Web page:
• Command line interface, if you’re keen, you can go old school and go to the console

Some premium features that are in the works, or being investigated

  • Encrypted folder, any writes to this folder are encrypted using TNO (trust no one) encryption, only you know the keys to decrypt files
  • Canary files… create any number of files named whatever you like, and if any of these files are ever accessed, you’ll know you have been compromised.
  • Action based file system changes, all file-based changes trigger actions that can perform external tasks
  • Cloud services access, use Drive Xtender cloud components to sync to cloud services

What’s it all worth?

Given the work that will be required to ensure Anvil remains secure, we are licensing Anvil File Security as a subscription-only model, here is a breakdown of pricing (billed annually)

  • Standard license – $2/month ($24/year)
  • Premium license – TBA

For “early access” users… happy days

  • Premium license – $1.50/month ($18/year)
  • Premium license for existing Drive Bender / Xtender users – $1/month ($12/year)

Cost is per a single machine, each additional machine, add $0.50/month

Note – The final Premium features are yet to be finalized, we do know encryption and canary files will be included… but other than that, we are still working on features and cost. We are also building an enterprise version, allowing an enterprise to protect files sitting on employee machines.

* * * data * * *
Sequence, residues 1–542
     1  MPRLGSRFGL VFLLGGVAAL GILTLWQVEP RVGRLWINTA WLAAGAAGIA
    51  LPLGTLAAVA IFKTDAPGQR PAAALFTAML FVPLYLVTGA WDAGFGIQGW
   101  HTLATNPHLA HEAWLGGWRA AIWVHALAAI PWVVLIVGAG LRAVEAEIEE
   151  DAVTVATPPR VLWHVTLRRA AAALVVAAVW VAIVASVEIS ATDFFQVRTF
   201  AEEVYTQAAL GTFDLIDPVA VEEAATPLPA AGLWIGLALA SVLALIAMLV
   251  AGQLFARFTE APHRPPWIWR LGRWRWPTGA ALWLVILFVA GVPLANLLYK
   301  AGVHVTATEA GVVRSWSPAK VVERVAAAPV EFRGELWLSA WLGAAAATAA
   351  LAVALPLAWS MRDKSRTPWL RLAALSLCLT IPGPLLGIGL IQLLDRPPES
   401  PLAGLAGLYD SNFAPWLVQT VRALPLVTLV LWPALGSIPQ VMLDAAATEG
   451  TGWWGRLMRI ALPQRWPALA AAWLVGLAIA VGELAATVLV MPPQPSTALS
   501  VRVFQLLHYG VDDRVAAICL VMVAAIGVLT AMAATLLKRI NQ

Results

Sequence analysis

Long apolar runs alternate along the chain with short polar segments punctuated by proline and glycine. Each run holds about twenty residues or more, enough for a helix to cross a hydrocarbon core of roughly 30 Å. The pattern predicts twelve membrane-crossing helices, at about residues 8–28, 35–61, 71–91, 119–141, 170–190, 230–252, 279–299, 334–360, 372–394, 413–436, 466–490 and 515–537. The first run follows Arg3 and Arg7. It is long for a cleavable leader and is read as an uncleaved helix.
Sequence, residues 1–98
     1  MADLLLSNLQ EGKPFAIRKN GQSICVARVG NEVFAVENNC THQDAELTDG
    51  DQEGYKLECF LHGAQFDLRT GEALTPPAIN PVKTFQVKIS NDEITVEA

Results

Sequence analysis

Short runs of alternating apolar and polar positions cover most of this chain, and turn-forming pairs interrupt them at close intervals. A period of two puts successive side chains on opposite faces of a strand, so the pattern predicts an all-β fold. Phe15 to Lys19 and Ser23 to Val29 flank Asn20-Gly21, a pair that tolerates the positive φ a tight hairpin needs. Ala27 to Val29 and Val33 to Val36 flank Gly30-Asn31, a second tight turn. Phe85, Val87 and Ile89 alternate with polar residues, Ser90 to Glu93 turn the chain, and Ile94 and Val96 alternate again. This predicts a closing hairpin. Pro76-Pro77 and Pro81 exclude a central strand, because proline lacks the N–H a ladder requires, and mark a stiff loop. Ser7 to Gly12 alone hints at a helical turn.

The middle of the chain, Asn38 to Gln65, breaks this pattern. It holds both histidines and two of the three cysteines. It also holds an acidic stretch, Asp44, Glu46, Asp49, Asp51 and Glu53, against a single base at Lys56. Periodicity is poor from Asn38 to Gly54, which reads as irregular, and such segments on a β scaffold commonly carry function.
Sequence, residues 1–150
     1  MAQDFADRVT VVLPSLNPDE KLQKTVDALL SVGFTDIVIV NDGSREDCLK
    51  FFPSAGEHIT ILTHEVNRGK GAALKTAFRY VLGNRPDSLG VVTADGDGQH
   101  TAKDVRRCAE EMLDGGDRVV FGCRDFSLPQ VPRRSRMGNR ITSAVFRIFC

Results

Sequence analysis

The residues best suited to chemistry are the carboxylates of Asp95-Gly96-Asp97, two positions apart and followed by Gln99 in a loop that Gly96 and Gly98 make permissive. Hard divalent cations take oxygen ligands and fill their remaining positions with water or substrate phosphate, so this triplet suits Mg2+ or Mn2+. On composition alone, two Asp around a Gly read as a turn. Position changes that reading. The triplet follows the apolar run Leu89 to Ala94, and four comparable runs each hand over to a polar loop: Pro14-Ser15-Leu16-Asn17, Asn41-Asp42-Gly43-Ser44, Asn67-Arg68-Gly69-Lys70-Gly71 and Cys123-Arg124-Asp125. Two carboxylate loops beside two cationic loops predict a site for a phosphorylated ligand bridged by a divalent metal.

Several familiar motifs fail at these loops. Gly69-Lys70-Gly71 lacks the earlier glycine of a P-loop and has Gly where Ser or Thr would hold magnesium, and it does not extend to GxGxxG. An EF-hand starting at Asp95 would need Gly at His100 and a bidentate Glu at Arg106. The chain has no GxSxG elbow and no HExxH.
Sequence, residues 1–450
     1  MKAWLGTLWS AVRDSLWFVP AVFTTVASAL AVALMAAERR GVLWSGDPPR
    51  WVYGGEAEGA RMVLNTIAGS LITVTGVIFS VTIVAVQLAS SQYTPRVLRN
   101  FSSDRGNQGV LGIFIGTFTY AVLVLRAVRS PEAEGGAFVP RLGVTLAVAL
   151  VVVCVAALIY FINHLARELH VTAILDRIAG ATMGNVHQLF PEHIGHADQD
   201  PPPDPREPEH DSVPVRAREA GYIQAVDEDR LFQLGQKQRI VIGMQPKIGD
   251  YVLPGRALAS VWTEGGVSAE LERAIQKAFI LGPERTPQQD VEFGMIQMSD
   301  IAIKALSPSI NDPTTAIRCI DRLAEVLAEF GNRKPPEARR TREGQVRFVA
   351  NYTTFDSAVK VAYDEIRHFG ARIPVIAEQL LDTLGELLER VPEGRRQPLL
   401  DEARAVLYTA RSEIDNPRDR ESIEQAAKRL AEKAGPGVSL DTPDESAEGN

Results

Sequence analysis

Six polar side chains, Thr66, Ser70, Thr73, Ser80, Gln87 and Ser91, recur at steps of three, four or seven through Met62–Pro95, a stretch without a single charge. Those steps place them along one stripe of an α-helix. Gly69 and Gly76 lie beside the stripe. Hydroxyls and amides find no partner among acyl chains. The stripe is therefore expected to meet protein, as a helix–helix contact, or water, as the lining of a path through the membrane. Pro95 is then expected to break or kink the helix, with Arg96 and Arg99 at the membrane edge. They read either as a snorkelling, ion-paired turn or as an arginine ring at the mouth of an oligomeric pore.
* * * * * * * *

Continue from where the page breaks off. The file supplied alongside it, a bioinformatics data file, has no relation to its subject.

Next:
When’s it going to be available?

The early access version is scheduled for Valentine’s Day (the 14th of February) we are a little delayed, had to resolve a bug that was found on the day of release. As of the 6th of March, the bug has been sorted, we are now testing to ensure all is 100% before releasing. In the meantime, check out the “Request” mode demo video.

Finally, early access spots are limited, and we have had quite a number of registrations already (so much so that we released an extra batch), so register at https://portal.anvil-fs.com to secure your early access spot.

Become an early access user, register now

7 thoughts on “Anvil File Security, ransomware and malware file protection”

  1. What a great idea! I know someone that was caught out when he opening a word doc attached to a CV that was emailed from his own HR department.

    1. The price is grandfathered in, so forever.
      Re payment… we are still working on the payment and licensing system. This will be available a short time after the initial release on the 14th.

    1. A canary file is a file that is monitored for access (based on the canary in a coal mine). Canary files are not visible to the applications approved for a given folder, so if accessed, the user is notified… and should investigate to ensure nothing unauthorised is poking around their system.

    1. We do apologise for the delay in the release. One of our internal testers discovered a bit of a show stopper bug on the day of release, so it was pulled. This bug only affected the tester’s machine, and was incredibly hard to reproduce and rectify. That said, it is sorted, so now we are back to testing and will release when we are 100% happy the issue is resolved.
      In the meantime, you can check out a video on how the new “request” mode works… https://media.anvil-fs.com/anvil_request_mode_demo_1/index.html

Leave a Reply

Your email address will not be published. Required fields are marked *